Acid Reflux – Is GERD a Hereditary Disease?

The question of acid reflux being a hereditary condition has not been researched
very often. However, specialists have concluded that genetically speaking the
chances of getting this disease by inheritance may account for 50% of the
sufferers. They have also agreed so far that the other 50% is due to diet.

Of all the digestive diseases in the world, acid reflux is considered to be the
most common. It is estimated that nearly 1 in 5 people suffer from acid being
regurgitated into the mouth and esophagus and / or heartburn. It is also known
that a regular cycle of acid reflux occurrences gives people a higher risk of
getting esophageal cancer.

In July 2003, scientists did studies with 2000 pairs of non-identical and
identical twins, and found that 43% of the total who suffered frequent
gastrointestinal symptoms and the chances of them developing acid reflux, were
suffering or would suffer do to hereditary genetics. However, wherever acid
reflux is hereditary or not, there are other main causes. It is known that
there are at a minimum of ten possible considerations.

Coffee, tea and other caffeine beverages account for the first possible
cause. These trigger problems by relaxing the digestive system and let the
stomach's contents to regurgitate into the esophagus.

The second possibility is chocolate which contains known amounts of theobromine.

This can relax the esophageal sphincter, allowing stomach acid to spurt back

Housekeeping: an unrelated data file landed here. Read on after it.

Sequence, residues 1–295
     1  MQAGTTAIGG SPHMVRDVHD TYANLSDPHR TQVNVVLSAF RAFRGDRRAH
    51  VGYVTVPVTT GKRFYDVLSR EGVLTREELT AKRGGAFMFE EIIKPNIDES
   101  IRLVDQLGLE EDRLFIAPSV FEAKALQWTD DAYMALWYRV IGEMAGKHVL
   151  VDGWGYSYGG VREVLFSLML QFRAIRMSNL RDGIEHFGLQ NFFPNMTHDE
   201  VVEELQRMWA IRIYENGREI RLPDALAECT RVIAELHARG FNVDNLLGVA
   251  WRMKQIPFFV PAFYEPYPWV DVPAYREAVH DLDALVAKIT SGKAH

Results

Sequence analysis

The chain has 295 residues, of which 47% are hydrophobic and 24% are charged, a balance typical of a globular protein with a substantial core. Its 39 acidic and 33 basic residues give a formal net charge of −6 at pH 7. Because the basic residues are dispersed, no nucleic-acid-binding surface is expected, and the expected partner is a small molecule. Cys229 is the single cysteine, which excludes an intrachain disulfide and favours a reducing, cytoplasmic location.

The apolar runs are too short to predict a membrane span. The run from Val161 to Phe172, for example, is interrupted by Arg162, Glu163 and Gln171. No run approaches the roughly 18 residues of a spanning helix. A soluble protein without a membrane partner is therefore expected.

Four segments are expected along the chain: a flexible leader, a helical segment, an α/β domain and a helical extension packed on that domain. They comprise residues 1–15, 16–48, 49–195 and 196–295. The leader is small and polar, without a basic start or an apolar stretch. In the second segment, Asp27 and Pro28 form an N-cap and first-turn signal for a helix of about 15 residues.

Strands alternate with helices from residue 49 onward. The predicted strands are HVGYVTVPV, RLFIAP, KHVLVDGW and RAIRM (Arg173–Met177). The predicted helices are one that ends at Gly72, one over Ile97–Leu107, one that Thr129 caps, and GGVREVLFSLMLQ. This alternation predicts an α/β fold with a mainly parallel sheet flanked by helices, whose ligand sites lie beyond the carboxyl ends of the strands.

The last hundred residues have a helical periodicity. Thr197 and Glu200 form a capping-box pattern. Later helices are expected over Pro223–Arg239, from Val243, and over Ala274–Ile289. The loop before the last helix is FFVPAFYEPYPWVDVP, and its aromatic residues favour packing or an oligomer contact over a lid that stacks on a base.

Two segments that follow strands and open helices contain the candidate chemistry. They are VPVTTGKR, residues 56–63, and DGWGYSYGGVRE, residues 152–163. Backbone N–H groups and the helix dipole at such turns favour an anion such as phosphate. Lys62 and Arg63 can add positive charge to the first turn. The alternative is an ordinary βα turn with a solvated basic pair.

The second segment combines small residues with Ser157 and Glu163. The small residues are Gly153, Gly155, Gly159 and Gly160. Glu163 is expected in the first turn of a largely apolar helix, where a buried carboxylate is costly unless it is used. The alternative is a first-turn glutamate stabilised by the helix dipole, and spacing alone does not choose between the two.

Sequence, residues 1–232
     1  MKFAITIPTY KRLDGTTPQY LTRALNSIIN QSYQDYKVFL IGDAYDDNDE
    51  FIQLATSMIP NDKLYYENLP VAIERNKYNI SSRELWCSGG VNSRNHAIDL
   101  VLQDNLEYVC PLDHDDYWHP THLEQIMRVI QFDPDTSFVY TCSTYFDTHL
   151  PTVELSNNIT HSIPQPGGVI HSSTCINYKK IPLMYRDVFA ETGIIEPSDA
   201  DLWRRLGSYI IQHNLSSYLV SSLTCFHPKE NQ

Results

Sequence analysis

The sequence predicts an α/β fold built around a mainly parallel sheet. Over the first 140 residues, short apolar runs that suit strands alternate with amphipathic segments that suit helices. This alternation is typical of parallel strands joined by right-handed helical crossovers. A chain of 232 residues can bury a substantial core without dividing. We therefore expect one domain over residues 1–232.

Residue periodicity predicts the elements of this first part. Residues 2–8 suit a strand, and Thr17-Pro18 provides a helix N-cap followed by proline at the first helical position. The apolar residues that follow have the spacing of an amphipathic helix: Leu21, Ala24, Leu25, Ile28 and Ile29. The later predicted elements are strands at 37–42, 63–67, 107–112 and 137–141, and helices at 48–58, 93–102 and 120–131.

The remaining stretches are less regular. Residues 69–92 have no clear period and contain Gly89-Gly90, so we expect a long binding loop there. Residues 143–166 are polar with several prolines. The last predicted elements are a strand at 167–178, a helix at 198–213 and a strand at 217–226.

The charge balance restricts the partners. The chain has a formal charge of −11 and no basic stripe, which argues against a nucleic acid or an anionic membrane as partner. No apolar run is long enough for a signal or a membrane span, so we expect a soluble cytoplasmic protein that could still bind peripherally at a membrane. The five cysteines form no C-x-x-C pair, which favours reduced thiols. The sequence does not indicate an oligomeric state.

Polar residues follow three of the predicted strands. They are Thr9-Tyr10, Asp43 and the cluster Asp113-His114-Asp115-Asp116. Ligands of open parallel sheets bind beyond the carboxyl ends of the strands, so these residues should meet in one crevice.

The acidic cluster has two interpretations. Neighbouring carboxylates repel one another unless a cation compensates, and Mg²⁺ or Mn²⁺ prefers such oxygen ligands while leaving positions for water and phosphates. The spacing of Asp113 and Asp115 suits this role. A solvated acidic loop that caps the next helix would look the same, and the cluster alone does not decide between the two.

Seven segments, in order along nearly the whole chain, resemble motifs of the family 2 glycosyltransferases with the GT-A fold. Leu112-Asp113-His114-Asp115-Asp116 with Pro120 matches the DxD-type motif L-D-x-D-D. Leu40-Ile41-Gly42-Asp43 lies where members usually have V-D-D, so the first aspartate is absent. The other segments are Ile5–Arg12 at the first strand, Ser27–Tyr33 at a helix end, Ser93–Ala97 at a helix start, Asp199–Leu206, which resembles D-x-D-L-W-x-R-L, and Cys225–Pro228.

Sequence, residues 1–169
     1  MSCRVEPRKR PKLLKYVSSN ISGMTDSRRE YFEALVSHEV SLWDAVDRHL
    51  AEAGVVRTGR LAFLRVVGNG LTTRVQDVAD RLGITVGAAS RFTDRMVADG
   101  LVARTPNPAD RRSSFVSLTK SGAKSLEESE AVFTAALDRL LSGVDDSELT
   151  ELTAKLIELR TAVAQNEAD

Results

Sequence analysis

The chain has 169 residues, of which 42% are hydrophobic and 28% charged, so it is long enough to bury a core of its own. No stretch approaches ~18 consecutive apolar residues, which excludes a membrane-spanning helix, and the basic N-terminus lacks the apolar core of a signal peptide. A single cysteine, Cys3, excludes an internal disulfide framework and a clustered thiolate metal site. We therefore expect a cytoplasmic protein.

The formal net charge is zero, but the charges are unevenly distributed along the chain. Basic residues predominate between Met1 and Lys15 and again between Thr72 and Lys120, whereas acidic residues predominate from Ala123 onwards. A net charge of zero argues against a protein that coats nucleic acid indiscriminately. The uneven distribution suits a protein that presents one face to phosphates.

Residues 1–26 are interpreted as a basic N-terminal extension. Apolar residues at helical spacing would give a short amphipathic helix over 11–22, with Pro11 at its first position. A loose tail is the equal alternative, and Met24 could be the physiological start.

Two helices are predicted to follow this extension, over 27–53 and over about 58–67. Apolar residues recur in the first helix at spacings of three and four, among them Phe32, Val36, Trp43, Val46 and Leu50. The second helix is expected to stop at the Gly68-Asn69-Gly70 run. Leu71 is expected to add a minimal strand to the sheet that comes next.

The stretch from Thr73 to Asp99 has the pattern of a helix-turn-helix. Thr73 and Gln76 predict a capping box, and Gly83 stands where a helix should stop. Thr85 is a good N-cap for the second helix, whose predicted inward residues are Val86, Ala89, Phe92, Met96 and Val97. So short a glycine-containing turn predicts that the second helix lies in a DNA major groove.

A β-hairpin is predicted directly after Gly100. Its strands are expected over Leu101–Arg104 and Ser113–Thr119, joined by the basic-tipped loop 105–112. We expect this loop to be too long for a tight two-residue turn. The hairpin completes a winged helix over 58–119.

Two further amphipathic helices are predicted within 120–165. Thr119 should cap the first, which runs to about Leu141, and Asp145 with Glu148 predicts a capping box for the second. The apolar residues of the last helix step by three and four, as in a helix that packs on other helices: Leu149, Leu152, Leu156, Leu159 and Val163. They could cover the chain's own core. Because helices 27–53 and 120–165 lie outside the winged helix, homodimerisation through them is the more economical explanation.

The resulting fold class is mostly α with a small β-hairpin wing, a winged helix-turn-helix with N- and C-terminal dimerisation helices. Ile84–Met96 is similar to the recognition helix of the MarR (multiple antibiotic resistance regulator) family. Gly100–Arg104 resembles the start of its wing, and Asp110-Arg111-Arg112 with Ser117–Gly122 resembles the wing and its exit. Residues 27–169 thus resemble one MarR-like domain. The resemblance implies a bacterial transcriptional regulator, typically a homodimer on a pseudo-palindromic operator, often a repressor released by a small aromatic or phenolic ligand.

into the esophagus.

Fatty and fried foods are another possible culprit. Such foods stay in the
stomach a lot longer and reduce the speed of digestion. This causes
over-filling of the stomach and the risk of food regurgitation.

Tomatoes and foods containing tomatoes can also cause acid reflux. Again,
tomatoes and the like will relax the digestive system.

Alcohol helps to increase the amount of acid in the stomach. It also relaxes
the digestive system, greatly increases the risks.

Another troublemaker is tobacco smoking. As cigarette chemicals enter the lungs
and the blood, they also impede on the ability of the digestive system and
esophagus to work properly.

Meal sizes are a critical factor. Too large a meal over fills the stomach and
can prevent the esophageal sphincter (lower) from closing. Again, the chance of
regurgitating food into the esophagus increases.

Citric juices and fruits can relax the lower esophagaelel sphincter. It can also
add further acid to the stomach.

Food consumption in the few hours before going to bed is a definite trigger.
Once you lie down with a full stomach the pressure is increased on the lower
esophageal sphincter.

Finally, tight fitting clothes and belts can impede on digestion. Anything that
puts pressure on the abdominal area will do the same to the stomach. This will
force food out of the stomach and into the esophagus.

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